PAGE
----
Wanted N.J. Broker Caught Miles Away

August 6, 2004

New Jersey Attorney General Peter Harvey announced that the Division of Criminal Justice – Office of Insurance Fraud Prosecutor has secured the arrest and extradition of a former Hunterdon County insurance broker and financial planner on charges that he cleaned-out retirement annuity accounts of more than $300,000 held by a 78 year-old New Jersey senior citizen.

As a result of the alleged theft, the senior citizen was left penniless, alone and living in a one-room retirement home.

Criminal Justice Director Vaughn McKoy said that Michael B. Chamberlain, 62, of Califon, Hunterdon County, and Ocala, Fla., was arrested on July 26 at his Florida residence on a New Jersey warrant charging theft by unlawful taking (2nd degree) and forgery (3rd degree). Chamberlain was lodged in the Marion County, Fla., jail pending extradition to New Jersey. On July 30, Chamberlain waived extradition and was returned to New Jersey this week by State Investigators assigned to the Office of Insurance Fraud Prosecutor.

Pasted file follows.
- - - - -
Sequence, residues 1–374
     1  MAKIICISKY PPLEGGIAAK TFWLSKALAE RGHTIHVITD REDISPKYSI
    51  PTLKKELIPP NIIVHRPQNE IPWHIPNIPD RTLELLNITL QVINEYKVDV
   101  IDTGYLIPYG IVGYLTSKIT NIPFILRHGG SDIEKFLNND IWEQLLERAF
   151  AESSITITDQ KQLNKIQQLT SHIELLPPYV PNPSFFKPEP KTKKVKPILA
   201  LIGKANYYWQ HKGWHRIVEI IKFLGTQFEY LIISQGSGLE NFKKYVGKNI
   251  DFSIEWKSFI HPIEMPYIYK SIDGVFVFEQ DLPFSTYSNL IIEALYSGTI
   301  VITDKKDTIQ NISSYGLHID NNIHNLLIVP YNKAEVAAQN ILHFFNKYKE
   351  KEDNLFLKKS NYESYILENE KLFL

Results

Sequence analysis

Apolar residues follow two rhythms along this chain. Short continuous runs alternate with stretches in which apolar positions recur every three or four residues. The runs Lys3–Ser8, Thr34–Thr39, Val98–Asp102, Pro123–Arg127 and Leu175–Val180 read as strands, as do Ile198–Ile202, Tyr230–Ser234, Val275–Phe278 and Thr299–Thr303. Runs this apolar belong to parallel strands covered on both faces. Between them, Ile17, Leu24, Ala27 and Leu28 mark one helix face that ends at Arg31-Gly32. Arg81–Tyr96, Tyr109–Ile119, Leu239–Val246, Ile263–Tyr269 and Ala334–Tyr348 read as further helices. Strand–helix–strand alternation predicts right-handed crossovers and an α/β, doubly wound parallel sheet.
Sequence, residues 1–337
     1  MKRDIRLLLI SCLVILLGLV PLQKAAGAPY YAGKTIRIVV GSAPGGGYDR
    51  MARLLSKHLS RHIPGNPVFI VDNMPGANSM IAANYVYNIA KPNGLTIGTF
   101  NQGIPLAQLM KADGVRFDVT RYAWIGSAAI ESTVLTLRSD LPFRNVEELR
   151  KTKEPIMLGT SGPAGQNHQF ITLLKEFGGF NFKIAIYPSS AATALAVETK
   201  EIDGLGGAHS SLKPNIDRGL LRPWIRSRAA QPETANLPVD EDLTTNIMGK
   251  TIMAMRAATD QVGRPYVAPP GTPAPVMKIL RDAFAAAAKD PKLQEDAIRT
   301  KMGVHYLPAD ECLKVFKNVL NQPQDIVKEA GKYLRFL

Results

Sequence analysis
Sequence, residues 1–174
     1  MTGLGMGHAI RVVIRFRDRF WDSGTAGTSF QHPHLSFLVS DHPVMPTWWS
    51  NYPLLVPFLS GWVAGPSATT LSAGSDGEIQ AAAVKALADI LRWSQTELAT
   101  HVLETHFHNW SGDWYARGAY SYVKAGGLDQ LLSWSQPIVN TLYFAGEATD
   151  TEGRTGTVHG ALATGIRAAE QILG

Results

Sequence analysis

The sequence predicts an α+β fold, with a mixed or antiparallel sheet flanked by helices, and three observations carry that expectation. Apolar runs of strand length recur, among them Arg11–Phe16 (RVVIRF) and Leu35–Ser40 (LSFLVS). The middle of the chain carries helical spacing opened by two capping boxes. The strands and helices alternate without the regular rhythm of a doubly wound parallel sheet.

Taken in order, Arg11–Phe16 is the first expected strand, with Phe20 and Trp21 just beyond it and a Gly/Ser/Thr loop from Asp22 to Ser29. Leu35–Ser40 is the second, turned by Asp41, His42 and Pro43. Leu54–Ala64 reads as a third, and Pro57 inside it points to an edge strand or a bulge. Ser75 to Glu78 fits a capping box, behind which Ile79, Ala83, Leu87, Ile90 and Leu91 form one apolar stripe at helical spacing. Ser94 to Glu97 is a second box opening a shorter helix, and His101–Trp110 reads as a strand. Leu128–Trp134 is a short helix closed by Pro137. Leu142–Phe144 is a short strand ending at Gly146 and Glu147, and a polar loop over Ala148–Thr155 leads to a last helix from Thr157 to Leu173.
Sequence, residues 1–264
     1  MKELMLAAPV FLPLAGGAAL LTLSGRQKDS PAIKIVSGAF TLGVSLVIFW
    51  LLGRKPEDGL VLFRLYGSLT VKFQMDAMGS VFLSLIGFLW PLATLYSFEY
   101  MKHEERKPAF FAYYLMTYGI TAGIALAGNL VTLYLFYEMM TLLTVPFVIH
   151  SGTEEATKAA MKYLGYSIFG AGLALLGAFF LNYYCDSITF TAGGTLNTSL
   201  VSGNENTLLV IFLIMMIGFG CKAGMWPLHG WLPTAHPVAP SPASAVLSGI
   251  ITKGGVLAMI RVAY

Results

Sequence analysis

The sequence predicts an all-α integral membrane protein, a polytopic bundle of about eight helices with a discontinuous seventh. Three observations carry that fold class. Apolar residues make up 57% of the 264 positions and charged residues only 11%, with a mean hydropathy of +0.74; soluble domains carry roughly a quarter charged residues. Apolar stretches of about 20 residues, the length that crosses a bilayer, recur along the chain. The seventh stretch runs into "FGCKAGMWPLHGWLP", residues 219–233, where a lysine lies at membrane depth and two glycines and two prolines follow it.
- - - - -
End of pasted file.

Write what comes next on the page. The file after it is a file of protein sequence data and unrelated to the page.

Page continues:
According to Insurance Fraud Prosecutor Greta Gooden Brown, the arrest warrant charges that from September, 1997 through July, 2000, Chamberlain systematically looted the victims’ annuity accounts, invested the monies for his own benefit, and ultimately purchased a resort home valued at more than $400,000 in Ocola, Fla.

It is alleged that Chamberlain, a licensed securities broker formerly employed at United Planners’ Financial Services of America in Hunterdon County, diverted investment funds from at least three separate American Skandia annuity accounts he managed for the 78 year-old senior citizen.

In 2003, the victim was notified by the Internal Revenue Service that he owed more than $56,000 in back taxes from taxable withdrawals from the annuity accounts. At this point, the victim contacted American Skandia and Chamberlain regarding the status of the accounts. The victim was reportedly advised by Chamberlain that the monies had been invested and stolen.

The Office of Insurance Fraud Prosecutor investigation determined that as a result of the alleged fraud, the 78 year-old victim is without retirement funds, nearly penniless, and living in a one-room retirement home.

A second degree crime carries a maximum penalty of up to ten years in state prison and a fine of up to $150,000. Crimes of the third degree carry a maximum penalty of up to five years in state prison and a fine of up to $15,000. Additionally, the defendant may face possible civil insurance fraud fines pursuant to the Insurance Fraud Prevention Act. The case will be presented to a State Grand Jury for review and potential indictment.

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